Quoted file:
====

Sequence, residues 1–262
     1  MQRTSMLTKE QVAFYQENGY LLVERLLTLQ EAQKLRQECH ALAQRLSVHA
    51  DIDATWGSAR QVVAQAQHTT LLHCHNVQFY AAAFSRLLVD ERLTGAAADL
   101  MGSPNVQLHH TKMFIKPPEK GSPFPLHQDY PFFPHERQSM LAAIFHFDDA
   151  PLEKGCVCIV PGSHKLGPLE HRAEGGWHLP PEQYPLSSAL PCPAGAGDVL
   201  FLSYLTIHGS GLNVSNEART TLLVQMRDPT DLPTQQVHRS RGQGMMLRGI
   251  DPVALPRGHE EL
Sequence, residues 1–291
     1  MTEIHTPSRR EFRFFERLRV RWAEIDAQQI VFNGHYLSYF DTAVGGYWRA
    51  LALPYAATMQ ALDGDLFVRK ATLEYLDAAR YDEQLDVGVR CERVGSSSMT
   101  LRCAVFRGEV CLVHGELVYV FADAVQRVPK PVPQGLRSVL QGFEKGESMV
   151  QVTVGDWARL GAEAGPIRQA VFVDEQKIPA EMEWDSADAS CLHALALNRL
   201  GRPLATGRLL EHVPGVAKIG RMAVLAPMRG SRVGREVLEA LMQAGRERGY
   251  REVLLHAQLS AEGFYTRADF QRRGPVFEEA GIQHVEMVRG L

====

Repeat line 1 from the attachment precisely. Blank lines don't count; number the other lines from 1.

Sequence, residues 1–262